2. An Emissions Performance Standard (EPS) for New Power Plants

    The proposed emissions performance standard will prevent unabated new coal-fired generation. It is proposed that any perceived risk for CCGT investors, who may be concerned that that the EPS will be tightened through time, is catered for by grandfathering of the EPS for existing and new plant according to their online date. This proposed reform should achieve its stated objective - in terms of preventing the most carbon-intensive forms of new generation. The setting of an emissions limit at a level where coal-fired generation with partial CCS can still be built, balances the need to limit emissions against the desire to prove carbon capture and sequestration on coal-fired plants. However, it is not clear what risks a new coal-fired plant faces in the event its CCS is offline. It may put the whole plant's output at risk which would deter such investment.
  3. Targeted Capacity Payments to Flexible Plant

    The splitting of the market between contracted and un-contracted plants, and the asymmetric value placed on capacity provided by these groups, will further reduce the operation of market forces.

    The introduction of contracts for some peaking capacity will reduce the need for this plant to rely on peak prices. This indifference may lead to wholesale energy prices being depressed. Given the potential effect on peak prices, not paying capacity prices to existing plants that are not contracted for system support, raises a risk that too much will shut, either threatening security of supply or forcing the contracted part of the market to expand to fill the gap. Together, these points serve to emphasise the need under the government proposals for a new centralised body to not just offer capacity payments, but also to co-odinate CfD auctions and generally take responsibility for the power sector. This is a significant risk for market players, not least because the government has not yet faced up to the logical consequences of its own proposals.

The content of this article is intended to provide a general guide to the subject matter. Specialist advice should be sought about your specific circumstances.

To print this article, all you need is to be registered on

Click to Login as an existing user or Register so you can print this article.

In association with
Related Video
Up-coming Events Search
Font Size:
Mondaq on Twitter
Register for Access and our Free Biweekly Alert for
This service is completely free. Access 250,000 archived articles from 100+ countries and get a personalised email twice a week covering developments (and yes, our lawyers like to think you’ve read our Disclaimer).
Email Address
Company Name
Confirm Password
Mondaq Topics -- Select your Interests
 Law Performance
 Law Practice
 Media & IT
 Real Estate
 Wealth Mgt
Asia Pacific
European Union
Latin America
Middle East
United States
Worldwide Updates
Check to state you have read and
agree to our Terms and Conditions

Terms & Conditions and Privacy Statement (the Website) is owned and managed by Mondaq Ltd and as a user you are granted a non-exclusive, revocable license to access the Website under its terms and conditions of use. Your use of the Website constitutes your agreement to the following terms and conditions of use. Mondaq Ltd may terminate your use of the Website if you are in breach of these terms and conditions or if Mondaq Ltd decides to terminate your license of use for whatever reason.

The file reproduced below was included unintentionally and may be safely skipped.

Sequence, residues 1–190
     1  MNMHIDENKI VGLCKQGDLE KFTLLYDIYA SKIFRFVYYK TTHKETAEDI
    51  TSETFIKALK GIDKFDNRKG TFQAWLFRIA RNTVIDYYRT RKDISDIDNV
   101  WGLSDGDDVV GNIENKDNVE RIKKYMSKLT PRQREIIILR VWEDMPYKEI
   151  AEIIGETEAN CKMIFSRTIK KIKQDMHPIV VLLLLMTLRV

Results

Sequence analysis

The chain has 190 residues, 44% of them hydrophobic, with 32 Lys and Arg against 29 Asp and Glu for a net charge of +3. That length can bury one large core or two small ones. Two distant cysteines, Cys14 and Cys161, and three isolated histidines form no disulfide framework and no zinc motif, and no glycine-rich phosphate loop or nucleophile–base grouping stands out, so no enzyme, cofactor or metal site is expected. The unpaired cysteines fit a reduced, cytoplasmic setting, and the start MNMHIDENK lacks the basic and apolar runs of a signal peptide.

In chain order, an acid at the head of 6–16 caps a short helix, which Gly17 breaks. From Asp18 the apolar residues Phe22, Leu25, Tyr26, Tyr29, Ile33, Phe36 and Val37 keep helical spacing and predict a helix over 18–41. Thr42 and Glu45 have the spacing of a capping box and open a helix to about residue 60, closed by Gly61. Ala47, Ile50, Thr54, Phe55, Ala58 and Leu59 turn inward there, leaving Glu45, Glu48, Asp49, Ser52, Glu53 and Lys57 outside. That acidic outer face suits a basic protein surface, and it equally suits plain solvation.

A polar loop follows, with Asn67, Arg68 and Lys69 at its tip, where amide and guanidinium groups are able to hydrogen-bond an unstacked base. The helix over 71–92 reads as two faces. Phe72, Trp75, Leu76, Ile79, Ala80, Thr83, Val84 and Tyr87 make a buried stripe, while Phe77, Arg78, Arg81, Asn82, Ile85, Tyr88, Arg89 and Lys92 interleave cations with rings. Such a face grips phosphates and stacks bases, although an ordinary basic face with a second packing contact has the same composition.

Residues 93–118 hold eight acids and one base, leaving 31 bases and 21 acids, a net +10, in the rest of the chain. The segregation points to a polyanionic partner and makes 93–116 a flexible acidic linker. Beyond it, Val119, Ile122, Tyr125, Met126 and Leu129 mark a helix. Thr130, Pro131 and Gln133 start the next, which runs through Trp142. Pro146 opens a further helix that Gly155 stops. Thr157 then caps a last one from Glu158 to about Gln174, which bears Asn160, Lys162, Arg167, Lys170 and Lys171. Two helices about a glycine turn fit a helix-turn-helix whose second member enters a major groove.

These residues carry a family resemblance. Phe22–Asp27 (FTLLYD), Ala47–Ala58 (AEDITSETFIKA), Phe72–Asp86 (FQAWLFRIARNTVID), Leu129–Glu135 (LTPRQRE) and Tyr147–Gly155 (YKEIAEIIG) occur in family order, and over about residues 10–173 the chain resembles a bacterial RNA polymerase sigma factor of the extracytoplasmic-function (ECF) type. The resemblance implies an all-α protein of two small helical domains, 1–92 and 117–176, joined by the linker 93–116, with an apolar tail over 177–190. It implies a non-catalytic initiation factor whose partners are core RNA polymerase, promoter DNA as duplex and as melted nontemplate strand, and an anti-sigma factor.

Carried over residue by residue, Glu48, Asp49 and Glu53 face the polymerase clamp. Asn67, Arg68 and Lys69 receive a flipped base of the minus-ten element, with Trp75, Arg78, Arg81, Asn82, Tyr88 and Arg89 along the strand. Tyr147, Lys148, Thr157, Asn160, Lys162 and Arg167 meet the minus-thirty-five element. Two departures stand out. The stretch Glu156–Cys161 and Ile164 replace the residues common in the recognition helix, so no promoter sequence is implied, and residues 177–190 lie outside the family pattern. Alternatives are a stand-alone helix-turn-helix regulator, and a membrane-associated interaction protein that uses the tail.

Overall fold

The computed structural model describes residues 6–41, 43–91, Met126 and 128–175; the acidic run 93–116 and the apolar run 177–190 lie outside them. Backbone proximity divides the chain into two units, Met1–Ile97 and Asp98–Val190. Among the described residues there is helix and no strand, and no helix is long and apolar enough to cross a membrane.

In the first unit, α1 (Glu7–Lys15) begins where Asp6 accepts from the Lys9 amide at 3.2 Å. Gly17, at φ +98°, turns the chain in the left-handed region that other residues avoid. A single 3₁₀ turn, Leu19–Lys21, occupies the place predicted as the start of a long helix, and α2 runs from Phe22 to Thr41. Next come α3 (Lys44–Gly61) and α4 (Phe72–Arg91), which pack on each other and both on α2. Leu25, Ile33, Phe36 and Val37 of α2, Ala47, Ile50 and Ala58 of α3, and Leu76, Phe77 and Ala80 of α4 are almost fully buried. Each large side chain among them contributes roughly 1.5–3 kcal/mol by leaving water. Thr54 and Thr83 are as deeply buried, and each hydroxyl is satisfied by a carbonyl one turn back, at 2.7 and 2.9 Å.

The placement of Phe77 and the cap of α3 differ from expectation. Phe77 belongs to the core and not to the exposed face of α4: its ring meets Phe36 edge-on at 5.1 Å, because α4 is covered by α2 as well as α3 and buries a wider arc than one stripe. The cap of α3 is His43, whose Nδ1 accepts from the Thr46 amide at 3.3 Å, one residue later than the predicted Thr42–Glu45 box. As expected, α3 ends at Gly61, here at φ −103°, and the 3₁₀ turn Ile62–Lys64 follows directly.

Use of

You may use the Website but are required to register as a user if you wish to read the full text of the content and articles available (the Content). You may not modify, publish, transmit, transfer or sell, reproduce, create derivative works from, distribute, perform, link, display, or in any way exploit any of the Content, in whole or in part, except as expressly permitted in these terms & conditions or with the prior written consent of Mondaq Ltd. You may not use electronic or other means to extract details or information about’s content, users or contributors in order to offer them any services or products which compete directly or indirectly with Mondaq Ltd’s services and products.


Mondaq Ltd and/or its respective suppliers make no representations about the suitability of the information contained in the documents and related graphics published on this server for any purpose. All such documents and related graphics are provided "as is" without warranty of any kind. Mondaq Ltd and/or its respective suppliers hereby disclaim all warranties and conditions with regard to this information, including all implied warranties and conditions of merchantability, fitness for a particular purpose, title and non-infringement. In no event shall Mondaq Ltd and/or its respective suppliers be liable for any special, indirect or consequential damages or any damages whatsoever resulting from loss of use, data or profits, whether in an action of contract, negligence or other tortious action, arising out of or in connection with the use or performance of information available from this server.

The documents and related graphics published on this server could include technical inaccuracies or typographical errors. Changes are periodically added to the information herein. Mondaq Ltd and/or its respective suppliers may make improvements and/or changes in the product(s) and/or the program(s) described herein at any time.


Mondaq Ltd requires you to register and provide information that personally identifies you, including what sort of information you are interested in, for three primary purposes:

  • To allow you to personalize the Mondaq websites you are visiting.
  • To enable features such as password reminder, newsletter alerts, email a colleague, and linking from Mondaq (and its affiliate sites) to your website.
  • To produce demographic feedback for our information providers who provide information free for your use.

Mondaq (and its affiliate sites) do not sell or provide your details to third parties other than information providers. The reason we provide our information providers with this information is so that they can measure the response their articles are receiving and provide you with information about their products and services.

If you do not want us to provide your name and email address you may opt out by clicking here .